It probably comes as no surprise that green garlic tastes, well, garlicky. But it lacks the strong, almost spicy element of mature garlic. It is less harsh and has a lighter bite. Because it is a young, fresh plant, it has a more vegetal, bright, earthy flavor. Like garlic scapes or scallions, its flavor is delicate enough to work in raw preparation forms. Its flavor mellows significantly when cooked, as is true of mature garlic. 

Where to find green garlic

Green garlic has historically been a neglected byproduct of mature garlic harvesting in North American cooking. For that reason, it is largely only available when shopping in some farmers' markets. That is still the best bet for finding the spring allium, especially when many farmers' markets first appear again after the winter. That being said, some high-end grocery stores or local product-focused markets will carry green garlic.

Another place to look for green garlic is your local Asian or Chinese grocery store. Because green garlic is a much more common ingredient in East and Southeast Asian cooking, it's much easier to find in markets focused on ingredients in Chinese, Thai, Vietnamese, and Indian cuisines.

You can also really get hands-on and grow green garlic yourself. Plant small garlic cloves in the fall and harvest the plants in early spring, when they are somewhere around 10-15 inches tall. Remember, though — that wherever or however you find your green garlic, it's a spring crop, so you won't have much luck finding it during any other season.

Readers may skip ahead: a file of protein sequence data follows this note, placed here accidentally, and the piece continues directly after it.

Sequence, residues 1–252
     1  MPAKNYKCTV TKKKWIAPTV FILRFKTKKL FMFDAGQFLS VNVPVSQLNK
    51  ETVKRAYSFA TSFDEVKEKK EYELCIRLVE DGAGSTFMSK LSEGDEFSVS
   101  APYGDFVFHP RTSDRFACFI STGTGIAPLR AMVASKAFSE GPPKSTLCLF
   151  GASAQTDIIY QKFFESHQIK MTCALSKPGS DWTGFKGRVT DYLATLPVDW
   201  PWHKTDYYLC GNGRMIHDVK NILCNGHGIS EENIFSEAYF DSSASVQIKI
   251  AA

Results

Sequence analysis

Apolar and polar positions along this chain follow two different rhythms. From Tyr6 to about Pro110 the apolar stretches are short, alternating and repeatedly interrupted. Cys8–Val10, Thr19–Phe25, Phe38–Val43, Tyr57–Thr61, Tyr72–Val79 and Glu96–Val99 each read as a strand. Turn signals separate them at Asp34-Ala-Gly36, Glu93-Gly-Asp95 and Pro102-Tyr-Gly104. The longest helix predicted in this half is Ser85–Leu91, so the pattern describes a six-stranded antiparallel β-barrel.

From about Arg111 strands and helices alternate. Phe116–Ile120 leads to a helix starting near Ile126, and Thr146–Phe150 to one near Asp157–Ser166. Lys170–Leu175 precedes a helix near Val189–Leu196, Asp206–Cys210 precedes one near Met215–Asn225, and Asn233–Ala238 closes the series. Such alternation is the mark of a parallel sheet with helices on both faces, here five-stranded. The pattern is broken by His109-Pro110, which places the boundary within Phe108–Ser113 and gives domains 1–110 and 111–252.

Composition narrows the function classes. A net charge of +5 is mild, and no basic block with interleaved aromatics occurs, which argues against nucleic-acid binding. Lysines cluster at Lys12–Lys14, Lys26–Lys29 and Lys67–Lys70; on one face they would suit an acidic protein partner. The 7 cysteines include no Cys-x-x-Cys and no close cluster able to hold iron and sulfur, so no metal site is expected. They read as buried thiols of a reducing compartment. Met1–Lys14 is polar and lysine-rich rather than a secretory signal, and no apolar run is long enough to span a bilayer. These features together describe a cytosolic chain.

Green garlic vs. garlic scapes

People often confuse green garlic and garlic scapes as they share some striking similarities. They both feature long, vibrant green stalks with a lighter and brighter garlic flavor. They are also both spring byproducts of garlic cultivation. However, there are key differences between the two.

Green garlic looks similar to scallions or small leeks. Garlic scapes have a distinctive, curly stalk that ends in a pale green, spade-shaped bud. Green garlic is an undeveloped garlic plant, so it is comprised of its long, young stalk and bulb. If left in the soil, it would continue to grow until it eventually became a full garlic bulb. Garlic scapes, on the other hand, are the flowering stalks of hardneck garlic plants. If left growing on the plant, scapes will flower at their buds and create new garlic plants; if harvested in early spring, they are a delicious garlic product all their own.

Unsurprisingly, the flavor profiles of garlic scapes and green garlic are similar; they both have a fresh, garlicky flavor. However, while the flavor profile of green garlic remains in the world of allium varieties, garlic scapes have notes similar to those of other familiar garden vegetables. They have a sweeter vegetal taste, like peas or asparagus, that green garlic does not share.

How to use green garlic